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Dispersion modelling at RMIB

Andy Delcloo
Royal Meteorological Institute of Belgium
Ringlaan 3
B-1180 Uccle

Contact: Andy Delcloo


The consequenses, related to the volcanic eruption of the Eyjafjallajökull, were a major incentive for the meteorological- and other scientific communities to improve their operational products related to these types of events.

At the RMI, we have set up a strategy to improve our knowledge on aerosols, observed from the surface by setting up a LIDAR network. One of the major problems during this event was the lack of knowledge on the observation of the vertical distribution of aerosols in the atmosphere. Since the installation of our operational LIDAR network, we have the possibility to observe aerosols in the atmosphere.

RMI is also responsible for the calculation of dispersion of suspended nuclear particles. Therefore we have an operational dispersion model at our disposal, which calculates for several hotspots on a daily basis precalculated dispersion maps. We can use the dispersion model also for other types of aerosols and trace gases (e.g.  SO2, see Fig. 1)).

In the weather office, the forecasters can start an "on-demand" dispersion modelling forecast which can be calculated for every location, located on the Northern Hemispere. We can provide a forecast with a lead time of 72 hours.

On 22/09/2014, our brewer spectrofotometer observed a total column of 7 DU of SO2. This was nicely forecasted by our dispersion model (Figure 1).





Example of a dispersion simulation for the Bardarbunga volcano (20/09/2015)

Ph D project on Uncertainty quantification in long range lagrangian atmospheric transport and dispersion modelling

Pieter De Meutter

Ghent University

contact: Pieter De Meutter


In collaboration with the Royal Meteorological Institute and the CTBTO the dispersion model FLEXPART with Numerical Weather Prediction input from the ECMWF at a global scale and a horizontal resolution of 0.5 degrees will be further made operational to perform the necessary calculations for the uncertainty quantification.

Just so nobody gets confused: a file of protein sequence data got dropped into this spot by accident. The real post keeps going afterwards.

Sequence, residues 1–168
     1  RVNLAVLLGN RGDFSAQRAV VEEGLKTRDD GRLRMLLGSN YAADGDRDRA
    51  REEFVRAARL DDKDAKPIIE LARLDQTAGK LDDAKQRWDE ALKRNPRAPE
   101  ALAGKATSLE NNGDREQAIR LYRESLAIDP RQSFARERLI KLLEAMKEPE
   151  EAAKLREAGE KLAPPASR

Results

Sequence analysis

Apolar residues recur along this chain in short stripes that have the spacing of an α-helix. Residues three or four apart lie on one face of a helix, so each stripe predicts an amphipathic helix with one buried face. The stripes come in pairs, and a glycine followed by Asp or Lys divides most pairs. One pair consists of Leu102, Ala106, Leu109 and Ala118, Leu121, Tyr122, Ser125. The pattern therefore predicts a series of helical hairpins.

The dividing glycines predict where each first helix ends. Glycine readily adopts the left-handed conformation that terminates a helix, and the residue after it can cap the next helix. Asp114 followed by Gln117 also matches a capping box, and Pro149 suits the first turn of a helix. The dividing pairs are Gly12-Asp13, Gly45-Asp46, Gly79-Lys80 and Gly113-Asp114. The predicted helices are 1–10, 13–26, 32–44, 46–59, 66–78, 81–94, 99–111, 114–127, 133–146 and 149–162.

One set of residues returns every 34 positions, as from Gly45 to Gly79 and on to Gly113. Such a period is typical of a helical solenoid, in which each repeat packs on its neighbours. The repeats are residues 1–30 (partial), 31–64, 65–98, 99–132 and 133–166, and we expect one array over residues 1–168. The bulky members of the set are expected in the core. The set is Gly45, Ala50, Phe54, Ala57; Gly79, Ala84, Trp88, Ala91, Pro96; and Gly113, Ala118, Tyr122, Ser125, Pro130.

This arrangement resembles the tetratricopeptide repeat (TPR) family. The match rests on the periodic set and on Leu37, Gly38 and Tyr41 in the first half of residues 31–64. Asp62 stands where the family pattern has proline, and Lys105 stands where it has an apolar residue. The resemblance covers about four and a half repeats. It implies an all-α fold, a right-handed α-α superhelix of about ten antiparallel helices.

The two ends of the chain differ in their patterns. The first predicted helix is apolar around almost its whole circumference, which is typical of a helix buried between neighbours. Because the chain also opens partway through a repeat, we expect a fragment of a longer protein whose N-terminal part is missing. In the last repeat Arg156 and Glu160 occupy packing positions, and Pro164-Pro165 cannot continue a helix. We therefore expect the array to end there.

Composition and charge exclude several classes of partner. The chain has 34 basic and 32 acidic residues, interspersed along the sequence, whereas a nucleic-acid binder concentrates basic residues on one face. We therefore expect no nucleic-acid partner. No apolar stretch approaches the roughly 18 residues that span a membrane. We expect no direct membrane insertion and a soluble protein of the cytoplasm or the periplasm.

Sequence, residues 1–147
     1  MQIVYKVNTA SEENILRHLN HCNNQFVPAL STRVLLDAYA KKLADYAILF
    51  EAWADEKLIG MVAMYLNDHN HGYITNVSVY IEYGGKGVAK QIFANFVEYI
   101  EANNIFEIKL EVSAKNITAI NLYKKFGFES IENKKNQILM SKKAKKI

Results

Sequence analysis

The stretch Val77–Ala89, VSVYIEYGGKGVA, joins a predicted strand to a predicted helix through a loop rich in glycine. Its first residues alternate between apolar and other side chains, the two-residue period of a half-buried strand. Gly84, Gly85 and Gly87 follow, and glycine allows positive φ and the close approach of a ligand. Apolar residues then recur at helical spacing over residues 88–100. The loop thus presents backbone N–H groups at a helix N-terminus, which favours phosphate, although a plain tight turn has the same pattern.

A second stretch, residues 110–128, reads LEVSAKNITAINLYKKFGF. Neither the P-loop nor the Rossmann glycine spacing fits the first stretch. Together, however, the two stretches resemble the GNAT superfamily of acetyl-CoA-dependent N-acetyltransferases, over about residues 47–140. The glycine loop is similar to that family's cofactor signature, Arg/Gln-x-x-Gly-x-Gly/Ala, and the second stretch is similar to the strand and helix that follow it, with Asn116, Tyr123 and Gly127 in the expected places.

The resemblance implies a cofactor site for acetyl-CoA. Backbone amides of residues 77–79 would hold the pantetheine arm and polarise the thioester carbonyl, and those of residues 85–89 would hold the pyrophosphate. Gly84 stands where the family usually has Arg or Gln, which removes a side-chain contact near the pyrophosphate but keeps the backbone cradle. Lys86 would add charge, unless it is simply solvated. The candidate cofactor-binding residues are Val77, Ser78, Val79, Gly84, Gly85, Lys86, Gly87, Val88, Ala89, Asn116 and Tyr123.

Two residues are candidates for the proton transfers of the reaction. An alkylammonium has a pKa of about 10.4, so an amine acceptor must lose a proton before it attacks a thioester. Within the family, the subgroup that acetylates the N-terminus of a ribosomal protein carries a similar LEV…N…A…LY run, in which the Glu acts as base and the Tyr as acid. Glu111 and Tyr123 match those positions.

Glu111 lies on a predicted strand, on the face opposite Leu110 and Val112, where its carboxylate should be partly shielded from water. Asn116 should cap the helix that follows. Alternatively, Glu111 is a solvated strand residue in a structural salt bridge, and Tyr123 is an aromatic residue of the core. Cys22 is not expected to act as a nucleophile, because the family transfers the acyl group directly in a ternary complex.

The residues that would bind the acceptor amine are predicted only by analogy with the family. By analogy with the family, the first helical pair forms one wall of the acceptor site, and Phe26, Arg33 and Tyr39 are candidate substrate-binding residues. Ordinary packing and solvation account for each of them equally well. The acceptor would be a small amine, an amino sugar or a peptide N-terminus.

A study will be made on the sensitivity of the model results as a function of model parameters over the realistic physical range. In this way most important factors influencing the model uncertainty will be identified.

In order to assess the uncertainty of changing weather conditions on the modelling dispersion results, FLEXPART will to be set-up to run with the 50 members of the ECMWF Ensemble Prediction System (EPS), which are intelligently designed to take into account uncertainty in numerical weather forecast. This will make it possible to assess for each species under consideration an uncertainty analysis.

To use this uncertainty information in an operational context, an algorithm will be designed to incorporate this NWP uncertainty for the species under consideration in the operational model which only uses the deterministic ECMWF input, since it is computationally very expensive to run the dispersion model ingesting the 50 EPS members into FLEXPART.

To contribute to the identification of the most important sources of uncertainty and to determine in the end the relevance of the uncertainty quantification one or more cases will be analyzed. These cases can include the North-Korean nuclear bomb tests, the Fukushima nuclear accident and releases from radiopharmaceutical facilities in normal operation. For all of these cases high quality data from the radionuclide component (including noble gas component) of the International Monitoring System can be used.

More information can be found on the website of SCK-CEN